The enhanced markets also support a broader military health initiative to recapture care by bringing beneficiaries receiving care in the private sector back into military treatment facilities.

“Each market has a plan for inviting our beneficiaries to come back to our military clinics and hospitals for their care,” Gintzig said. “These initiatives will be the primary drivers of increasing the competency and currency of our medical force, improving access and service to our patients and enhancing the value of military medicine to commanders.”

Recapturing care that has migrated to the private sector will directly benefit military health care providers. By bringing care back into medical treatment facilities, Military Treatment Facility commanders ensure that military providers and staff get to see the kinds of clinical work necessary to maintain their skills.

“Our No. 1 mission is to be ready to go to war,” Gintzig said. “Ensuring that our surgeons, nurses and clinical staff get to see interesting and complex cases on a regular basis is how we keep those skills sharp.”

You also may be interested in...

Article Around MHS
Aug 14, 2023

Senior Warrant Officer Awarded Soldier's Medal for Saving Lives

U.S. Army Chief Warrant Officer 5 Nigel P. Huebscher, command chief warrant officer for the 1st Aviation Brigade, speaks after receiving the Soldier's Medal for risking his life to save others during a ceremony at Fort Novosel, Alabama, on Aug. 7, 2023. (U.S. Army photo by Kelly Morris)

When mere seconds mattered, U.S. Army Chief Warrant Officer 5 Nigel P. Huebscher, command chief warrant officer for the 1st Aviation Brigade, was first on the scene of a house fire near Bonifay, Florida, on Oct. 9, 2022. He helped save the lives of two residents.

Article Around MHS
Aug 11, 2023

Army Medical Corps Provides Continuity of Care for 248 Years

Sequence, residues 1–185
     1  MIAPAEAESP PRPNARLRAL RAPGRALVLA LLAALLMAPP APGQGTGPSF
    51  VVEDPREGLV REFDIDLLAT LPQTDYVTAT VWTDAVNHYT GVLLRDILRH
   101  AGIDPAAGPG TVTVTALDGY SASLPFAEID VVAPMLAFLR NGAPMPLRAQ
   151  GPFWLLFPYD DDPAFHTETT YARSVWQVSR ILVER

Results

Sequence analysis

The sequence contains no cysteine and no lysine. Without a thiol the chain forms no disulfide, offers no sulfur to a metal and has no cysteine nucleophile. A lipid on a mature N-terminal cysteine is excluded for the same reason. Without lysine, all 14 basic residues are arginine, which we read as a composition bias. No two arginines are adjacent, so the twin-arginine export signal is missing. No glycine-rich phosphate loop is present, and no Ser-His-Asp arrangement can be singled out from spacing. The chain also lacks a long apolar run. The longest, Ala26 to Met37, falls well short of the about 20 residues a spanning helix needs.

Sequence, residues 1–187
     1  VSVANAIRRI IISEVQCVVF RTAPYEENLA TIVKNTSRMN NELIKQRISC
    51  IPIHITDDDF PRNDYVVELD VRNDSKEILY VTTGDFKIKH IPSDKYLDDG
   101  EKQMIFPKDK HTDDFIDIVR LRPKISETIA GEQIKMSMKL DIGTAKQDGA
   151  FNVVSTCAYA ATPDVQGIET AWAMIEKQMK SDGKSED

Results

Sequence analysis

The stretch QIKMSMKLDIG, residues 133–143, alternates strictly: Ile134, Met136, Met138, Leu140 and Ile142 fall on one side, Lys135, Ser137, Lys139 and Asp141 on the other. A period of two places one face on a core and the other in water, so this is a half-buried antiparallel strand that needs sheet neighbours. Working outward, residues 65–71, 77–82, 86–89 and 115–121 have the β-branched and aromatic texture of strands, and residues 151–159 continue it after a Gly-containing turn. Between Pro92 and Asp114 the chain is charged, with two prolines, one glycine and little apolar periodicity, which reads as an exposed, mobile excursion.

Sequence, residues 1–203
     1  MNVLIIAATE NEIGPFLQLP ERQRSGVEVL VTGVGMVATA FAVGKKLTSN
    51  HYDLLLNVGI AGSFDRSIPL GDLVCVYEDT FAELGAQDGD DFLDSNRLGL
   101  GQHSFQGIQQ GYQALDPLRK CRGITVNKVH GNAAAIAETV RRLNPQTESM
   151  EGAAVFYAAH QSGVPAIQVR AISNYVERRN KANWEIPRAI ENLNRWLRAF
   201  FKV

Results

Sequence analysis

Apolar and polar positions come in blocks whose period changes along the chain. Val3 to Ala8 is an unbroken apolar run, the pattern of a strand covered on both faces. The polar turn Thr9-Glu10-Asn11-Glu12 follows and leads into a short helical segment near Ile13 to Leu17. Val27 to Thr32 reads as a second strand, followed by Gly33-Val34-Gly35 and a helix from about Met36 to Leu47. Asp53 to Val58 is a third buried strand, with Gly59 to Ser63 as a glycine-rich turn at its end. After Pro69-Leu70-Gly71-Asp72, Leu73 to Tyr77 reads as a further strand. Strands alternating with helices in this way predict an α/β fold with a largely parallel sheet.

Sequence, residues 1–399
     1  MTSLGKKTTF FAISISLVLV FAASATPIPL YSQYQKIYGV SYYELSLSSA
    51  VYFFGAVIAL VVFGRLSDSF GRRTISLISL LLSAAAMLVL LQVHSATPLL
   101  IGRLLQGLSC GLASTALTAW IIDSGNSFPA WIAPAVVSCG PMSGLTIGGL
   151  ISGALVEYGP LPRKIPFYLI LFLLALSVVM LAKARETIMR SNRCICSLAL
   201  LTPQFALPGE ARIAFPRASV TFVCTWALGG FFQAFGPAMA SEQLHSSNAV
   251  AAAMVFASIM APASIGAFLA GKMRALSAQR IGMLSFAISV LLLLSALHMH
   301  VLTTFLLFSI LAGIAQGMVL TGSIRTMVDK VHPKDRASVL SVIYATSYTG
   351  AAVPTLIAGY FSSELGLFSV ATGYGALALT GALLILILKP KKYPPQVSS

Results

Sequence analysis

Ensuring trained and ready medical forces, particularly combat trauma surgeons, is critical to support soldiers and other service personnel in combat. Army medicine is using individual critical task lists, centrally managing trauma surgery personnel and assets, and building military-civilian partnerships with civilian level I trauma centers to ensure surgeons are getting the experience needed for battlefield surgery. (Photo: Ronald Wolf/U.S. Army)

Only 43 days separate the creations of the continental army that was formed by the original 13 American colonies and the Army Medical Corps. That short period of time speaks to the importance the corps plays in the mission of the Army.

Article Around MHS
Jul 24, 2023

Flight Medic First to Receive New Nebraska National Guard Heroism Medal

Nebraska Governor Jim Pillen and U.S. Army Maj. Gen. Daryl Bohac, Nebraska adjutant general, present the Nebraska National Guard Heroism Medal to U.S. Army Sgt. Brandi Sullivan during the Nebraska Adjutant General Change of Command Ceremony, on July 8, 2023, at the Pinnacle Bank Arena in Lincoln, Nebraska.  (Photo: U.S. Air National Guard Staff Sgt. Jamie Titus)

“To any individual serving with or supporting the Nebraska Military Department who has distinguished himself/herself by heroism, in saving the life, limb, or eyesight of a fellow citizen.” Those were the words read describing the newly authorized Nebraska National Guard Heroism Medal presented during the Nebraska Adjutant General Change of Command ...

Article Around MHS
Jul 5, 2023

Medical Service Corps: 106 Years of Diverse Health Service